Before Roland and I moved from our first house, he introduced me to the reality show “Chopped” a one hour show that gives four chefs the opportunity to create appetizers, entrees, and desserts using four specific ingredients – most I haven’t been familiar with or think of as too bizarre to belong with either the rest of the ingredients or in the particular round.
I would think that there is more than eight hours of footage for each episode of “Chopped” – thus it is not just the chefs competing who get “chopped” but the editing as well. It sickens me to know that all this wasted footage exists – that so much tape ends up on the floor. The expense that goes into these reality series (Wife Swap is another example) and all the waste. I could really use the money that is spent on wasted film. So many Americans could – especially in this economy that seemingly continues to spiral downhill. Where are the priorities of this nation?
Recently there was a documentary on NBC called: “Mormons in America: NBC's Rock Center with Brian Williams" and actually I feel a certain amount of emotion which I stated in my last post.
I think Rock Center handled “Mormons in America” well. Some accused of focusing too much on the small percentage that “don’t really represent the entire church” well guess what? It’s that small percentage that the world will be looking at. And I think it’s wonderful that it has been presented to the world (or nation anyway) that there might be a better understanding.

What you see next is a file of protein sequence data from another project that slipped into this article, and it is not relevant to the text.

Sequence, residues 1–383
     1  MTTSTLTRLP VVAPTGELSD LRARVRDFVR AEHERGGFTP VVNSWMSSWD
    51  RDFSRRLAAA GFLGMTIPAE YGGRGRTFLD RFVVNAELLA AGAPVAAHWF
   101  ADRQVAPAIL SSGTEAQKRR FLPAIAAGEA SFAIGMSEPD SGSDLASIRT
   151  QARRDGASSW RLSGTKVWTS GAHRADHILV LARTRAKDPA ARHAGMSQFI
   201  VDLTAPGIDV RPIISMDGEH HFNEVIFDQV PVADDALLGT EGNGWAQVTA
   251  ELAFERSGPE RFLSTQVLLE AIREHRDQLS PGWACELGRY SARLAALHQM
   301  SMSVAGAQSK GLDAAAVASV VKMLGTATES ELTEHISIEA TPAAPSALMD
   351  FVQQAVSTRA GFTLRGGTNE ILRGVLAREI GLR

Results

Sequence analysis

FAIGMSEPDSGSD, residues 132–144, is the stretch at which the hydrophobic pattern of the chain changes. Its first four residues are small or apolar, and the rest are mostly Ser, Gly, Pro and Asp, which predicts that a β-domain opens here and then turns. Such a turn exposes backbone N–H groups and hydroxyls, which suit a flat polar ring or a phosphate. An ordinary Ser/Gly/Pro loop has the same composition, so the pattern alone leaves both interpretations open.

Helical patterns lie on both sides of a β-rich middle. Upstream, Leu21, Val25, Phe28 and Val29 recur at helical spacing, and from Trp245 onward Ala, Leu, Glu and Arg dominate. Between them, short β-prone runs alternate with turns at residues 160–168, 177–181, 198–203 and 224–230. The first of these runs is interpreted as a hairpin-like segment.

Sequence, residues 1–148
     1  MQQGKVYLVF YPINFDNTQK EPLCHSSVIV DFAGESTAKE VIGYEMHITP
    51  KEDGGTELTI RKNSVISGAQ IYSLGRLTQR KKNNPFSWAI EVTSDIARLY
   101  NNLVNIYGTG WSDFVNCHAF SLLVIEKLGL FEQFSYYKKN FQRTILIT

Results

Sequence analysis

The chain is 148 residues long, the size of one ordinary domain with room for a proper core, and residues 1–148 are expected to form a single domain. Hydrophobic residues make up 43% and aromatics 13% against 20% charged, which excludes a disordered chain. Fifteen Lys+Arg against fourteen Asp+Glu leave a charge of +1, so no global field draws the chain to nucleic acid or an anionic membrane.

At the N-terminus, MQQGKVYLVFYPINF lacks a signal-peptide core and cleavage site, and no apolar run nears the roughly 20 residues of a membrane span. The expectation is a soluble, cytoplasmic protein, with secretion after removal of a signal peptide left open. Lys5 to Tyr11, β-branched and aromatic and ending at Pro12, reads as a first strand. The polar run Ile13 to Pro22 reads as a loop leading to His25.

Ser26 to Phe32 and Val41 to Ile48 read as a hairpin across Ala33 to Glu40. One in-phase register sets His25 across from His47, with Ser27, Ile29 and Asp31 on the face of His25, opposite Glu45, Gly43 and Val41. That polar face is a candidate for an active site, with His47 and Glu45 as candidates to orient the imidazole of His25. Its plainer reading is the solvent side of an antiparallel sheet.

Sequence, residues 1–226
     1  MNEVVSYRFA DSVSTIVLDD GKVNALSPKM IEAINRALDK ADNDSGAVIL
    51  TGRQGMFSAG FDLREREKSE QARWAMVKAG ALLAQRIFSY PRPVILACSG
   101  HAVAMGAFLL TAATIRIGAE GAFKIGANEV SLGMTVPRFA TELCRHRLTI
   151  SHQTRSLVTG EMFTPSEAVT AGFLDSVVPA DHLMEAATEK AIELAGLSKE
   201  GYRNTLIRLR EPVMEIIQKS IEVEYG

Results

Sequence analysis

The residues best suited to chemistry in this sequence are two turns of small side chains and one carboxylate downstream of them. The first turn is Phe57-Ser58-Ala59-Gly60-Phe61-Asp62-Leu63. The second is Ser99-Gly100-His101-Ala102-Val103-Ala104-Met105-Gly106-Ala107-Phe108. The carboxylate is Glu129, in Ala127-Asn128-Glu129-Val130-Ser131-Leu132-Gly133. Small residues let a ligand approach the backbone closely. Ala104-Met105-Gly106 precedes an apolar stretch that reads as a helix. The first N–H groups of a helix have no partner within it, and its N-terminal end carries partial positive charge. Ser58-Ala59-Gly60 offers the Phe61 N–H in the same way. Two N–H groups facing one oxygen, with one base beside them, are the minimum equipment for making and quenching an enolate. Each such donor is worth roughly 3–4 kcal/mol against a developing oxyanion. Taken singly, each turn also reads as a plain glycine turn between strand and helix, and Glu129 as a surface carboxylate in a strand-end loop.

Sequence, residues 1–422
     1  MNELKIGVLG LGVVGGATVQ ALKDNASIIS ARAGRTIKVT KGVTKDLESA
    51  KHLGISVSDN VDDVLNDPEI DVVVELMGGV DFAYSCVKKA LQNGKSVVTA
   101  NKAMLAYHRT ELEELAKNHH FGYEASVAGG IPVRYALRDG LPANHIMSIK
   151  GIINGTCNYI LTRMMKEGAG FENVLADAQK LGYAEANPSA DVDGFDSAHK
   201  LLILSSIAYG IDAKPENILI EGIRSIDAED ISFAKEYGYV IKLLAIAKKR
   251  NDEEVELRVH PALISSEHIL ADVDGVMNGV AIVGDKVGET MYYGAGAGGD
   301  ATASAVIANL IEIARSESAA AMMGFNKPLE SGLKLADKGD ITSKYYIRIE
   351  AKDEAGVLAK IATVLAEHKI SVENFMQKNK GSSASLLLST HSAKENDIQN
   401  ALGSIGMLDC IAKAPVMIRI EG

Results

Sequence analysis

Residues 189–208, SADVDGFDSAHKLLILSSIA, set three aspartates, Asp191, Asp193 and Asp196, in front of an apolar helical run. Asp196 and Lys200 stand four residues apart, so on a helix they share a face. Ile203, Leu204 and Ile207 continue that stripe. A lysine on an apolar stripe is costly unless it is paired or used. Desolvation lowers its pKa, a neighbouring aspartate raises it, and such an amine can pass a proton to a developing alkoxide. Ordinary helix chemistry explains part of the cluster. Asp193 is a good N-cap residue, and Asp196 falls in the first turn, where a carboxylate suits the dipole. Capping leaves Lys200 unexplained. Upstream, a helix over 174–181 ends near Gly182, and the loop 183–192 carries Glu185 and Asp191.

Abby Huntsman does not represent the entire Church. Who does? Some criticized that the creators of the program should have gone to the authorities or at least devout members to for a more accurate understanding. But we are a very diverse people – even among ourselves. The gospel values are true regardless of its members. But the members are not perfect. We are not all cut out of the same mold – and the world needs to know that there are struggles that many members face that don’t always correspond with what the gospel principles teach.
I think the documentary was handled very nicely. And I think Abby did a great job letting people understand her position but still being respectful of the Church. She probably has a better hold on what a non member might feel. There are many who have left the church who experience that “ah-hah” moment after they’ve been away for it – not that they disagree or become uncomfortable – but all the sudden understand the meaning of “a peculiar people” and understand the non-members view – whereas those who are so close to the surface don’t have that same understanding. They don’t see the forest for the trees. Corey explained it a little bit in this post
There are many members (or former members) who have had their feelings hurt for whatever reason. Treated like outcasts. Overaggressive concern isn’t handled correctly either on the part of the leaders or the interpretation of the member (I think more of the first; as an example Abby’s bishop told her that she wouldn’t receive the same blessings – and although it may have been said out of concern – it hadn’t been communicated in a proper manner) I like the way Clive Durham said it in this post